Ocean Culture - People and the Sea
Activity 1: Design your own marine park!
Aim: To provide an awareness of the park system in the Northern Territory with a specific focus on marine parks, and to better understand the issues involved in planning a marine park.
The group will be able to:
- ·Discuss why we have parks and reserves
- Understand the different types of parks and reserves
- Discuss the different user groups that utilise parks
- Discuss zoning of parks
- Have the opportunity to design their own marine park and take the rest of the group on a guided tour and explain the features of their park
Level: This activity can be adapted to all age groups, however this activity has been written in mind for primary age students and has already been trialed at the upper primary level with success.
Length: One and a half-hours
· Map of Cobourg Marine Park
· Cobourg Marine Park Management Plan
· Cardboard (firm) or polystyrene (the latter can be sourced from supermarkets free of charge). This will be the base of the park.
· Fabric paints or general paints, these can be used to paint streams/roads
· Cotton wool, this could be used to make crocodile or turtle eggs in a nest or for the tops of trees which can then be painted over
· Air drying clay, to model rangers, visitors, termite mounds, rocks, animals, plants
· Ruler or fishing line to cut the clay with
· Variety of cloth material, this could be used to show where the water is or other natural features
· Small native and feral animals, to show what animals live in the park
· Sand for the beach areas
· Sticky tape
· Variety of coloured foam, for example to make ranger stations, visitor centres or natural features out of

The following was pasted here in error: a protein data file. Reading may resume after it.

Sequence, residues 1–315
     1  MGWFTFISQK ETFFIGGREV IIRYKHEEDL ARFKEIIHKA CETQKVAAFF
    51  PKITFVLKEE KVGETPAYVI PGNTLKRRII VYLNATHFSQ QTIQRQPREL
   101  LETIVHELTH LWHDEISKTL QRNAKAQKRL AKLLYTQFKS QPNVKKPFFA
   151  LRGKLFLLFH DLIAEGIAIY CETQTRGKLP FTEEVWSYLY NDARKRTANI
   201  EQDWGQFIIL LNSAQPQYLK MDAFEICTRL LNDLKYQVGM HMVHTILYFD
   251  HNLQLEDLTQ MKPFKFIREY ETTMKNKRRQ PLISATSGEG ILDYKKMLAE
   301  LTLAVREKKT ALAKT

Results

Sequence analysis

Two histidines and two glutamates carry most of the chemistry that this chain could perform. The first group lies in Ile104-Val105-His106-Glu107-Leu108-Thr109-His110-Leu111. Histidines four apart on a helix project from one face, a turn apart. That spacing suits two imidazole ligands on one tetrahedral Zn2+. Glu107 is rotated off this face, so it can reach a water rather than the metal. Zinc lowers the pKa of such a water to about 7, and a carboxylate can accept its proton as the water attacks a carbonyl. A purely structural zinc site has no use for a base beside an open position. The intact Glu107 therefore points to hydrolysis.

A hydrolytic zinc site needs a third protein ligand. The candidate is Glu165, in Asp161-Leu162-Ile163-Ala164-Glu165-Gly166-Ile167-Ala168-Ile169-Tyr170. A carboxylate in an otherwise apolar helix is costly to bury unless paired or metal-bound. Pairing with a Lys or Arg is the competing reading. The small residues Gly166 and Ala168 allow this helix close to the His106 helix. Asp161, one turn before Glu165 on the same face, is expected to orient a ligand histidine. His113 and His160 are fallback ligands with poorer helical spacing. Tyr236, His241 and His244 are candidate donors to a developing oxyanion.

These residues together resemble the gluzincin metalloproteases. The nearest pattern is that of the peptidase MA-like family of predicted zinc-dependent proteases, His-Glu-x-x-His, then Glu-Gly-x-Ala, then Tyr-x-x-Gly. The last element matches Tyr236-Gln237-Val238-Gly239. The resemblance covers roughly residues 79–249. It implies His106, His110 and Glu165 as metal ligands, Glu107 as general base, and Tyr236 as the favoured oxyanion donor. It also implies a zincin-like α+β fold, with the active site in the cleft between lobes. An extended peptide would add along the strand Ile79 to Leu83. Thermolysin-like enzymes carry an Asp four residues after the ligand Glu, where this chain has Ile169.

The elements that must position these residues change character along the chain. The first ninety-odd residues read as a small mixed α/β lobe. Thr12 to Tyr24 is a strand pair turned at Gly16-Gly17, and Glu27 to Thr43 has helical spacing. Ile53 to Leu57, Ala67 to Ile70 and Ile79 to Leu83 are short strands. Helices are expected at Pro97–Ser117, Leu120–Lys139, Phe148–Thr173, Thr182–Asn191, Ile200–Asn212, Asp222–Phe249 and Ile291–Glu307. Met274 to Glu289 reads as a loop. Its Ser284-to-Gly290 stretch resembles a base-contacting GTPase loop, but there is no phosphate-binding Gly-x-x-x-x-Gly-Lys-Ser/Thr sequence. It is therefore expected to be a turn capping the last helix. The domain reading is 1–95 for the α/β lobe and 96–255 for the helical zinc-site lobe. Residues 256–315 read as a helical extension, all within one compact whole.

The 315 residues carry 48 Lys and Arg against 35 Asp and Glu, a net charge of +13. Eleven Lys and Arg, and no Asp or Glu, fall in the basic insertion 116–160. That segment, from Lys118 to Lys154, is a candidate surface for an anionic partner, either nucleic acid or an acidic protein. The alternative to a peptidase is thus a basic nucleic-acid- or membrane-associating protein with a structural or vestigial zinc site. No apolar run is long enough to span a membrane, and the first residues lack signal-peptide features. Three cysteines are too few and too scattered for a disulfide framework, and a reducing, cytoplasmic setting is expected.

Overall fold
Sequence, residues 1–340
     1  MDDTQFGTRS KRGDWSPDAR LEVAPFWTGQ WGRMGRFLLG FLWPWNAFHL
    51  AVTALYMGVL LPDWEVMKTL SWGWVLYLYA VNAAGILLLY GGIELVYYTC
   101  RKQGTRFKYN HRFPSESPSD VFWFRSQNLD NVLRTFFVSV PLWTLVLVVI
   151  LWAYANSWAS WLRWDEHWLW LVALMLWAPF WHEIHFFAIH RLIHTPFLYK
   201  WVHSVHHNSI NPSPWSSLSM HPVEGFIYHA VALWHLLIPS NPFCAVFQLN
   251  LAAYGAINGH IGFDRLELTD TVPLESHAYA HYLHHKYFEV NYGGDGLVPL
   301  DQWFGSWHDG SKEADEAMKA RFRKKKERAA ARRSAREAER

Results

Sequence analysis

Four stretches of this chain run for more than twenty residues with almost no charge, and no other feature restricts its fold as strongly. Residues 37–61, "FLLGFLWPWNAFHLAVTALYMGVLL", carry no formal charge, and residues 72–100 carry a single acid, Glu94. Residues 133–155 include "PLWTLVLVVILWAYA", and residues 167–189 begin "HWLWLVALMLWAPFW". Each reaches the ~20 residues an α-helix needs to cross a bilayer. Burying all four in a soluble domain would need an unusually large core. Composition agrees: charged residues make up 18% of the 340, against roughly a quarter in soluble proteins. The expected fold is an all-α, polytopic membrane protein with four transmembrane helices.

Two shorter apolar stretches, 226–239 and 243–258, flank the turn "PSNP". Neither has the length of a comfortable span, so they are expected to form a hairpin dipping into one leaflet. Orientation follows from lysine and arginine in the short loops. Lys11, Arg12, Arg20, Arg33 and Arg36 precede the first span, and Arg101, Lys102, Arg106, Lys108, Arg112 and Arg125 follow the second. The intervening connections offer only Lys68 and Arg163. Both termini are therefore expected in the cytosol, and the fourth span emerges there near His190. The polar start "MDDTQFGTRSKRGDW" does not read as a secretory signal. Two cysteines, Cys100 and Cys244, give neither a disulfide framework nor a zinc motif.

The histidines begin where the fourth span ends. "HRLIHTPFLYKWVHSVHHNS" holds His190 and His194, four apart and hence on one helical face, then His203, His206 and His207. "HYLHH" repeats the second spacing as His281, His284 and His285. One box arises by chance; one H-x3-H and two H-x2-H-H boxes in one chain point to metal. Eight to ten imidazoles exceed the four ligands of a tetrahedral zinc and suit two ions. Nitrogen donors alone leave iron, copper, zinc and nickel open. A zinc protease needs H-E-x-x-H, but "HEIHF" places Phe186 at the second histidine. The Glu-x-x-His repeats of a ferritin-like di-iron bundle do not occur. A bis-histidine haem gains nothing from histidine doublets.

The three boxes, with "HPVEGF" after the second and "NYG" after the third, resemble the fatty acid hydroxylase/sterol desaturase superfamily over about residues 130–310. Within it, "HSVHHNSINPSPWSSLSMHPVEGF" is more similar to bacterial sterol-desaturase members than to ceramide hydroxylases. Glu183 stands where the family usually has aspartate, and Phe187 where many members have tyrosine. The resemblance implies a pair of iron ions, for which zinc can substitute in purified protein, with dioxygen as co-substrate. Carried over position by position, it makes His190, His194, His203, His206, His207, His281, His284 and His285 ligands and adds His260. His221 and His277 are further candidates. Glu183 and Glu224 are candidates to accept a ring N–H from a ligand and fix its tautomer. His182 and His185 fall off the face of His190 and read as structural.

· Newspaper to catch all the glue, paint and other bits and pieces!
The above are examples of what has been used on past activities, the more items provided the more the group can use their imagination to create their works of art.
Explain that this month is a very special month, as it's Seaweek! This is a time when people around Australia focus on the sea. Seaweek is organised by the Marine Education Society of Australasia (MESA) - a group of people who are committed to helping people learn more about the sea and how we can care for it. This year the theme for Seaweek is Ocean Culture - People and the Sea.
Ask the group what they feel the word 'culture" means, spend some time discussing this.
Explain what the group will be doing in the activity.
- Ask the group to think about their favourite park or reserve and to think about why they enjoyed visiting that particular area.
Divide the whiteboard into four parts. In the first section make a list of the names of the parks and reserves they provide you with. Spend some time discussing each of the children's choices.
Litchfield National Park: swimming at Buley rock hole
Fogg Dam Conservation Reserve: bird-watching
Charles Darwin National Park: bike riding
Howard Springs Nature Park: watching the fish and the turtles in the weir
- The next step is to ask the group about some of the activities that people can do in parks and reserves. This should be easy to do as they have previously told you why they enjoyed visiting particular areas.
Make a list of the activities in the second section on the whiteboard. You will find that you can group the many activities into broader categories such as "recreation" including picnicking, "cultural" including visiting Rock Art sites and historical locations, "special interests", including sightseeing, photography, painting and bird-watching.
- Now ask the group to go back to the first section on the whiteboard. Ask them to look at the last two words of their favoured parks and reserves. Who can notice what the differences are?
The difference is in the name of the park or reserve. Some are called National Parks, some Conservation Reserves, others Nature Park, Historical Reserves and Marine Parks.
Discuss why there are differences in the names between parks and reserves:
National Parks are relatively large areas of unspoilt landscape, which are managed so that their natural features are protected and preserved.
Nature Reserves are smaller, natural areas set aside for public recreation and enjoyment.
Marine Parks are sections of the coast, and the underlying seabed containing flora and fauna and natural features of significance.
Conservation Reserves are established specifically to protect significant natural features, rare plants or animals.